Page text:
ist and brother, and both, Abramovich and Noske, unite to demand the 
release of five hundred "politicals'* from the "Red Hells" of Soviet 

Russia. _ 

Let us take a look at these hells. Most of the five hundred 

"politicals" of Soviet Russia are Interned in Solovetzk and Susdal both 

former monastries. Healthy and beautiful surroundings and excellent 

climate characterize both institutions. 

What do the prisoners say about these "Hells"? 

Belowodskv, a Menshevist, writes in a letter smuggled out of Sua- 

dai: "Please do not worry about my fate. There exists here, if I may 
say so, a good management. Here Is my menu: Breakfast: tea; dinner: 
soup, meat, potatoes; Supper: meat again. Rye bread we get plenty 
and tasty* Wheat bread also. Then we get a glass of milk, tea, sugar 
and besides cigarettes (tho I do not want to start smoking). We take 
walks twice a day in a grove of fruit trees." 

Swetianky, one of the former leaders of the Menshevist youth or- 
ganiation writes from Susdal, sub rosa, "I assure you that I have never 
been better off than I am now. Sometimes I feel awful when I 
think that you cannot get one fifth out there of what I do get in here; 
I repeat that I am well. I am not privileged in here but all are kept 
like I am. As I told you in my last letter I am free all day long and 
pass the day together with the others. We take walks, read together, 
have talks and so forth." 

From' the camp at Solovetzk writes N. L. Muchin, also sub rosa: 
"I spent my days fishing in the little lake. Lately our rations have been 
increased and we always get plenty. For dinner we get two plates 
together with soup and preserved fruit. For supper one plate. There 
is always sugar. Bread we get more than we need. Aside from that 
we get from the local authorities herring, and sometimes butter. We 
also get milk and wheat bread. It is very agreeable that this is no 
prison; no bunks, no locks, no window bars, and no spy-holes in the 
doors. One really feels that this is not a prison but a camp. There are 
plenty books and new ones are constantly added. Modern, classical, and 
scientific literature are represented. One works when one feels like it. 
Time passes fast and almost unnoticeable. Our room faces the lake 
and from our window we have a wonderful view." 

We could cite many more letters of that sort. All smuggled out 
of the camp and written under conditions that guarantee that they 
reflect the real conditions in camp and the real opinions of the writers. 
The prisoners receive the visits of their wives who stay with them for 
days and weeks. They organize socials and study courses of all kinds.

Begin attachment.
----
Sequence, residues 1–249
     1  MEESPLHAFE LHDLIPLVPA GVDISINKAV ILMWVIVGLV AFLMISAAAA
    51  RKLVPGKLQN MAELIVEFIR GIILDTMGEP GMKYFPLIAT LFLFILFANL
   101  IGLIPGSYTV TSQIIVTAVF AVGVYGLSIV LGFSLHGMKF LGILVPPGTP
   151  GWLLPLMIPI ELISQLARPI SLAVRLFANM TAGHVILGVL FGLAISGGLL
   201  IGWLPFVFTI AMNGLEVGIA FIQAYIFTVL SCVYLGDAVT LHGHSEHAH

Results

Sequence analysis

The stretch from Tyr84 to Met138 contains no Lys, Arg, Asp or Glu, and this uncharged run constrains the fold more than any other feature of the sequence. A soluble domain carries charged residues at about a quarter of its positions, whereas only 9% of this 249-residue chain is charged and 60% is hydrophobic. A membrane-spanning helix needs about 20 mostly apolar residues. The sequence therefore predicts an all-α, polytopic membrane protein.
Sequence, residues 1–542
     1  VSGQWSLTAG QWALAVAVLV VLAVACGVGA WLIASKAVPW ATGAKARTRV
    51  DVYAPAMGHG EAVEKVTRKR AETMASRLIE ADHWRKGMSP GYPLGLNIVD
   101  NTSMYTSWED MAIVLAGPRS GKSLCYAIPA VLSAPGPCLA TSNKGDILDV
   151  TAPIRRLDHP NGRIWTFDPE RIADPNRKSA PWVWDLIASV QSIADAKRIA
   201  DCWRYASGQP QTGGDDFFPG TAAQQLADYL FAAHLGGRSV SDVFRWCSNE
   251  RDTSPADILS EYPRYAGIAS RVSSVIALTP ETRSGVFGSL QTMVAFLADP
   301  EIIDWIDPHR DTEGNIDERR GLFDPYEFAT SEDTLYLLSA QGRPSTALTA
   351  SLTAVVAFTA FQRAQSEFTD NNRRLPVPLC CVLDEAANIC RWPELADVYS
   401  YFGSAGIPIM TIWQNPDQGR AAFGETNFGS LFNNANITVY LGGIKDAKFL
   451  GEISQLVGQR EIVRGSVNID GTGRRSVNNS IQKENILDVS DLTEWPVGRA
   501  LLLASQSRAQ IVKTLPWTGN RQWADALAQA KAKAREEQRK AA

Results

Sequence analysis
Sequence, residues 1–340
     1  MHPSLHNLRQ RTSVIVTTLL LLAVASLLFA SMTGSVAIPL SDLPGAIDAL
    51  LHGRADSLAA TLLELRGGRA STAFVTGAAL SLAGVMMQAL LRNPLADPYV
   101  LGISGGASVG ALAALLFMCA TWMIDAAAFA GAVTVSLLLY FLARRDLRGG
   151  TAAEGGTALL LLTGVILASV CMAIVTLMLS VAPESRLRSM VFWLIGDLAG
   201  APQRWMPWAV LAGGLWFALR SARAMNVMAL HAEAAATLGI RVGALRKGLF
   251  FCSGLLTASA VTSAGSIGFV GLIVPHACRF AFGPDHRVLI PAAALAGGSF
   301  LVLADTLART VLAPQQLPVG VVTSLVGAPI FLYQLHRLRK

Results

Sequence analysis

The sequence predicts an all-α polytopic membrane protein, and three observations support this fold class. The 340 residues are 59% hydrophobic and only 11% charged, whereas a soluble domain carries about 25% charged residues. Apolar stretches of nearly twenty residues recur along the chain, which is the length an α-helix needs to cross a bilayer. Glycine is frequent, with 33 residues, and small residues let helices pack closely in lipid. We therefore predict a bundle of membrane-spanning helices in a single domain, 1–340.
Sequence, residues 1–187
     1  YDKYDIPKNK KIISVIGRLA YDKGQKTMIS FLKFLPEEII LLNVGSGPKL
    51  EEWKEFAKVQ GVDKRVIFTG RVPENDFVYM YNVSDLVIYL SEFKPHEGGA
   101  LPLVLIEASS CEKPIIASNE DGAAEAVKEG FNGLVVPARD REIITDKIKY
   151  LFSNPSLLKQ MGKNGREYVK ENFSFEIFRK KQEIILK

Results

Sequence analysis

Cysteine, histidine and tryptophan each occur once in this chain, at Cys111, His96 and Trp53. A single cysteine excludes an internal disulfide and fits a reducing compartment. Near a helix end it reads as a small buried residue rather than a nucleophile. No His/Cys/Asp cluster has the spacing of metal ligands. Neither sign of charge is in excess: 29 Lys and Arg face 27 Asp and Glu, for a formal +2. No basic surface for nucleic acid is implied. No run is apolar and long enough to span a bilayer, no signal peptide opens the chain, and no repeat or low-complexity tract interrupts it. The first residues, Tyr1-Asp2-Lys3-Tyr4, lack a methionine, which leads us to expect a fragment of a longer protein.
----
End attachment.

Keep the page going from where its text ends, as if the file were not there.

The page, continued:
They are permitted free social intercourse between them. Men, some of 
them caught red-handed in the act of attacking the Soviet power with 
arms in their hands; others confessed conspirators against the first 
workers' and peasants' government, still others proven against in the 
pay of foreign capital against the power of; the S ©vie t£— those are the 
inmates of these camps. These are the martyred "Socialists" paraded 
by Abramovich; and such is their punishment for crimes of conspiring 
with international capital against the workers and peasants of Soviet 
Russia, These are the "Red Hells" of Soviet Russia where these 
"Socialists" are interned passing their time by reading, fishing, and 

Nearly ten thousand revolutionary workers and. Communists wither 
their lives away in German dungeons, sent there by Socialist police 
officials, persecuted by Socialist ministers of state, sentenced with the 
help of Socialist judges, and kept in prison by a Socialist president. 
They are convicted of the crime of having fought for bread for the starv- 
ing workers, for haying demanded the application of the eight hour day 
as guaranteed by the constitution, for having fought against capitalism 

which extracts golden . profits out of the misery of the German prole- 


But Abramovich and his kind docs not see this, life and death strug- 
gle oT the German workers. He does not hear the appealing cries of 
the thousands of proletarians starved and tortured in German prisons 
by German Socialists. He does not notice the agonizing cries of the 
suffering families of those unhappy victims of capitalist ''justice" ad- 
ministered hy socialists. He only sees his five hundred counter-revo- 
lutionary -Socialist" friends in the "Red Hells" of Soviet Russia who 
sit peacefully at the shores of a quaint little lake and fish. And their 
"suffering" inspires Abramovich to join hands with the Second Inter- 
national "to join hands with Severing, the socialist minister of Prussia 
who is responsible for thousands of workers lingering in prison. He 
joins hands with Ebert who, as President of Germany, refuses amnesty 
to the victims of Severing. He takes Nosfce's hands which are dripping 
with the blood of thousands of German proletarian lighters against 
capitalism—and hand in hand with- these murderers and persecutors - of 
workers he demands the release of— proven agents of international 
capital, of conspirators against the first workers* and peasants' govern- 
ment, against Soviet Russia. 

* # * * 


The Second International is a champion of democracy. Standing on 
the pedestal of this championship its leaders, such as Abramovich and 
Noske, fight for the release of "'politicals" in Russia on the ground that 
these politicals are victims of a dictatorship. Out of their love for 
democracy the Abramoviches try to spin a rope with which they hope to 
strangle the Soviet Republic of Russia and thus kill all revolutionary 
aspirations of the workers of the world. 

"To make the world safe for democracy" was the slogan given to 
allied imperialism to cover up the real nature of its death grip with the 
imperialism of the central powers, by Woodrow Wilson. Today this 
slogan serves as a cloak to cover up the services of international men- 
shevism for international capital. Dame democracy is passed off to the 
workers as a virtuous fairy ready to use her magic rod to assist the 
workers in their struggle for their birthright. But over five years of